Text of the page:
Three out of four women will at some point have a yeast infection, with its itching and burning and annoying clumpy, white discharge—usually remedied with anti-fungal medications (some even OTC). Bacterial vaginosis, the most common vaginal infection in women ages 15 to 44, can also cause itching, pain, or discharge; it often requires antibiotics.
If you’ve got a down-there itch but no discharge, consider under-the-radar causes.
The combination oestrogen-progesterone birth control pill and contraceptive ring suppress ovulation and therefore also the natural lubrication produced when an egg is released, says gynaecologist Dr.Alyssa Dweck, author of The Complete A to Z for Your V.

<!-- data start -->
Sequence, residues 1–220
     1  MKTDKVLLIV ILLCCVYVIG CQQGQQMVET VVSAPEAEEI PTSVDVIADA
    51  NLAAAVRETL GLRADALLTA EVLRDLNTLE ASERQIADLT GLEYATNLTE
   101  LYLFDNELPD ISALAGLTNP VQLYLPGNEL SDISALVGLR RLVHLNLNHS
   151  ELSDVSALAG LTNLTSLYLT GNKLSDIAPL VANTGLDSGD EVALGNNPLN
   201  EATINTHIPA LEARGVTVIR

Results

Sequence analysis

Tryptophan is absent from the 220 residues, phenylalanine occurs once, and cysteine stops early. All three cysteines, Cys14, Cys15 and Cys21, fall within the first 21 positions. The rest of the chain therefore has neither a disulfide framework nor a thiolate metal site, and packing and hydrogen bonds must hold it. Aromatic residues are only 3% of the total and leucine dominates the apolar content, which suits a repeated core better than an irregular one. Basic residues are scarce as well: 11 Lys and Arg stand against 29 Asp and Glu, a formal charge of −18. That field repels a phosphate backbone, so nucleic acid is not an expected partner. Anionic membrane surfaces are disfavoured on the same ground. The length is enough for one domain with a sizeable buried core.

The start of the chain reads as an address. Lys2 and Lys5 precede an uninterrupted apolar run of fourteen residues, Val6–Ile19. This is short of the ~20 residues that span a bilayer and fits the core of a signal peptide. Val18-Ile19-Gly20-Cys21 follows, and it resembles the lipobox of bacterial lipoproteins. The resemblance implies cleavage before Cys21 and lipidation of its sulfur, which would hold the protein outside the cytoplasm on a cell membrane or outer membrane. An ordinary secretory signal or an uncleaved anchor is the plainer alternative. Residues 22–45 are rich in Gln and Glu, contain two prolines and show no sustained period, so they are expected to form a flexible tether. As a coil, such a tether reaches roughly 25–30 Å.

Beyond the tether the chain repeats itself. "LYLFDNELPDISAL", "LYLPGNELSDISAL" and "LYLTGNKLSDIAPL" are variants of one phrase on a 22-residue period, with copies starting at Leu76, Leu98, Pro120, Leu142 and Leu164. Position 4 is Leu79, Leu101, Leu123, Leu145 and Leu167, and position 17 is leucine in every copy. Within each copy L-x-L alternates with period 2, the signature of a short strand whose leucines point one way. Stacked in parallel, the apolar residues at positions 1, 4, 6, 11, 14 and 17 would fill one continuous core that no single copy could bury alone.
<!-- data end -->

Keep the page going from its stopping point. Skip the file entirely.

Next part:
The fallout? Dryness, which can prompt itchiness. Consider an OTC vaginal moisturiser once or twice a week, and if that doesn’t calm the area, talk to your gynaecologist about alternate forms of birth control, such as the non-hormonal copper IUD or a diaphragm.
Allergies can also make you squirm down below, says Dweck; they’re usually brought on by fragrance in pads or tampons (opt for unscented) or by the latex or spermicide on some condoms.
Occasionally, though, a woman is allergic to her partner’s ejaculate. No, it’s not a sign a breakup is imminent, but you’ll need to see an allergist for a skin test. If you’re diagnosed, use condoms or pop an antihistamine at least 30 minutes before sex.
This article was originally published on www.womenshealthmag.com